One of the ways you know you’re making progress is that you stop having the same discussion over and over again.
If you’re discussing the same issues on your team or at home year after year, you’re probably stuck.
When it comes to much of the discussion around discipleship, I believe we’re getting it wrong in the church.
What if the popular understanding of discipleship is producing some of the ill health and even stagnation and decline we see all around us in the church?
And what if you could do something about it by rethinking what you mean by discipleship?
Different Day, Same Conversation
From my earliest days in ministry, I’ve had a conversation about discipleship that repeats itself again and again.
It goes like something like this:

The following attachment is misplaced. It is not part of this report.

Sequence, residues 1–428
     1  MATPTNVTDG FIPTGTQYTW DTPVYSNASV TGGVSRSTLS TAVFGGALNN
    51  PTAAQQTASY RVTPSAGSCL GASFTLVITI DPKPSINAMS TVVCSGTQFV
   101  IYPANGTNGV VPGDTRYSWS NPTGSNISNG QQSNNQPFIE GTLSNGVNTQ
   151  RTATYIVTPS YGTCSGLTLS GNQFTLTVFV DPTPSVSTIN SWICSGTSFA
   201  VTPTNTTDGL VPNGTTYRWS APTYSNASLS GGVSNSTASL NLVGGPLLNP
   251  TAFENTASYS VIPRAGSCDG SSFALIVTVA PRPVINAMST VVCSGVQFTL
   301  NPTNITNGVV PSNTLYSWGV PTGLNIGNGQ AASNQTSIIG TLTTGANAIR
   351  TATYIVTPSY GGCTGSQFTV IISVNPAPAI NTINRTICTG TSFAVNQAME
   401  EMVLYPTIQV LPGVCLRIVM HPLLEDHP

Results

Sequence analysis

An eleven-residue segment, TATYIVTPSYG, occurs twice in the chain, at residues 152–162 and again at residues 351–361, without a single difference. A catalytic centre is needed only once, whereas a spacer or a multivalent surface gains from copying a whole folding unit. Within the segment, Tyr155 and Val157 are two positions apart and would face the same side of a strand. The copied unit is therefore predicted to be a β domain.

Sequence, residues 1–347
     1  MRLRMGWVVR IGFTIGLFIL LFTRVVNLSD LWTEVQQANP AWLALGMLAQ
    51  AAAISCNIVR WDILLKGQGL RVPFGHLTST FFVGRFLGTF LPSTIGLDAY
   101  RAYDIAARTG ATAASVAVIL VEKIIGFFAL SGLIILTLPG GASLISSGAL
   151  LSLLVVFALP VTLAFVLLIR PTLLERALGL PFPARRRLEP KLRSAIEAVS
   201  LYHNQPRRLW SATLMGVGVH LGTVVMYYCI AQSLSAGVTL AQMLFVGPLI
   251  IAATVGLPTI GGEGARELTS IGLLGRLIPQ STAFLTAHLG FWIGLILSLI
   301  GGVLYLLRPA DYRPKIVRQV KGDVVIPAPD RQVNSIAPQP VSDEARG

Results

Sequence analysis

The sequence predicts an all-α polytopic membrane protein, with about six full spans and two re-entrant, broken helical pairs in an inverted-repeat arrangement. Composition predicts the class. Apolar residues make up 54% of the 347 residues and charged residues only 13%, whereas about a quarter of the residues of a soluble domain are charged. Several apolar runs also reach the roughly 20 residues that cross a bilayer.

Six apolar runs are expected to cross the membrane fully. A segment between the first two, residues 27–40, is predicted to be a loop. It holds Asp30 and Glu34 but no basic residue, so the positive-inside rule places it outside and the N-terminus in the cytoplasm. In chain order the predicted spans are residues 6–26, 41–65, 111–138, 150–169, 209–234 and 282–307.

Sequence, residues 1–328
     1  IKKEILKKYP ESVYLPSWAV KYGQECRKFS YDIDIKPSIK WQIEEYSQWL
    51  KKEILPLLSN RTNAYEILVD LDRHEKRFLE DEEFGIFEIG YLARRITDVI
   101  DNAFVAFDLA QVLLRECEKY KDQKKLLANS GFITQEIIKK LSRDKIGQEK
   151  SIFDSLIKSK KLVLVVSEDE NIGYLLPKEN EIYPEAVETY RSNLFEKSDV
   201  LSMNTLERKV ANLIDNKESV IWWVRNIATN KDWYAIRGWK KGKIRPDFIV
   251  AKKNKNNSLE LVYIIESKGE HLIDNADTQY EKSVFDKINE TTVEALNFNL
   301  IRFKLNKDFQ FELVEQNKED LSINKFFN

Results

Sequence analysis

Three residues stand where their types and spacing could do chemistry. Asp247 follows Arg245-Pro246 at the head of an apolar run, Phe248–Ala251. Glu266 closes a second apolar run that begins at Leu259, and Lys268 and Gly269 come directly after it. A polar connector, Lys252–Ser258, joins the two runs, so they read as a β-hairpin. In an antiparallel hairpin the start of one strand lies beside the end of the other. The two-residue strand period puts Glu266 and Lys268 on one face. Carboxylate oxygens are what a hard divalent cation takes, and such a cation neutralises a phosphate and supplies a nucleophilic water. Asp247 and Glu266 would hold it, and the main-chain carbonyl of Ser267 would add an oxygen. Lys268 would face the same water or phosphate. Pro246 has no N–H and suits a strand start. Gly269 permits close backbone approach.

Me: People need to reach out more and focus more of their time, energy and resources on evangelism.
Other person(s): That’s a great idea but what we really need to focus on is discipleship. There’s such an immaturity in Christians today that we need to focus on growing the ones we have first. And besides, evangelical churches are known for producing shallow, immature Christians.
Pretty compelling logic.
Unless, of course, it’s wrong.
I agree that often Christians in the West are immature. I agree our walk doesn’t always match our talk.
But I also think the average North American Christian is about 3000 bible verses overweight.
The way many leaders approach maturity is to assume that knowledge produces maturity. Since when?
It’s wonderful that people understand what they believe, but knowledge in and of itself is not a hallmark of Christian maturity. As Paul says, knowledge puffs up. Love, by contrast, builds up. And some of the most biblically literate people in Jesus day got by-passed as disciples.
The goal is not to know, but to do something with what you know. I wrote more on why our definition of Christian maturity needs to change here.
7 Truths About Authentic Discipleship
Here are seven things I believe are true about biblical discipleship church leaders today should reclaim: